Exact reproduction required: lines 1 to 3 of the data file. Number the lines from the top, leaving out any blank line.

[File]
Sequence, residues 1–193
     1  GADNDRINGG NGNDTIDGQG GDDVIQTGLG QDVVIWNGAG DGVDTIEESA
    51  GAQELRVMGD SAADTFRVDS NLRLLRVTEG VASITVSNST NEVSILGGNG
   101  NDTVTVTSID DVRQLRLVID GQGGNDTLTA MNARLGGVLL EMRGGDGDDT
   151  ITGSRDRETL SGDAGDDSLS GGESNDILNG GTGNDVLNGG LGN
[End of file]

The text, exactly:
Sequence, residues 1–193
     1  GADNDRINGG NGNDTIDGQG GDDVIQTGLG QDVVIWNGAG DGVDTIEESA
    51  GAQELRVMGD SAADTFRVDS NLRLLRVTEG VASITVSNST NEVSILGGNG